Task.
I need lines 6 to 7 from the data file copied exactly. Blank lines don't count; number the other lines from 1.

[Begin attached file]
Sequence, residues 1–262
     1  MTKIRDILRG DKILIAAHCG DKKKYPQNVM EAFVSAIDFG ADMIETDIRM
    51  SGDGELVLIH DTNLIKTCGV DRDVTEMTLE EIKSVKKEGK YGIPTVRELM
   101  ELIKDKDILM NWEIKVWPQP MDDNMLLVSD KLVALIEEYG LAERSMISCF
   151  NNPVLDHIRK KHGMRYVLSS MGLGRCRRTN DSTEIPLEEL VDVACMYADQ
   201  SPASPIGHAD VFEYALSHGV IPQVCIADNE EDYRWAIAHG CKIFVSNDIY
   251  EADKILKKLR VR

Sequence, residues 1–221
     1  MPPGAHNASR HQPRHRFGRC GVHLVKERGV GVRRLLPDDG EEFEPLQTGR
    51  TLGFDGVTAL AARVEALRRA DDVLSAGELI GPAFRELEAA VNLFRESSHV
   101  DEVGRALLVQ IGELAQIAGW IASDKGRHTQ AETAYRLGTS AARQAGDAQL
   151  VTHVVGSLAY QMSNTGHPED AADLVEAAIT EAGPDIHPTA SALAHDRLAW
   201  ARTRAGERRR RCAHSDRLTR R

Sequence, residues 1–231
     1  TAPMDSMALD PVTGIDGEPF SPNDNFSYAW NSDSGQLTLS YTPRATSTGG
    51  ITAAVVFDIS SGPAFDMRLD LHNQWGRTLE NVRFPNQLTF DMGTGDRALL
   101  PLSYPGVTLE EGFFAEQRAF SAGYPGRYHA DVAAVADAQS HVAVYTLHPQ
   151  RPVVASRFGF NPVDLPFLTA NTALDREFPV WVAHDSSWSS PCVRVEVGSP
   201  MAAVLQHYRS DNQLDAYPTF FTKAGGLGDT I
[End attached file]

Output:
   201  SPASPIGHAD VFEYALSHGV IPQVCIADNE EDYRWAIAHG CKIFVSNDIY
   251  EADKILKKLR VR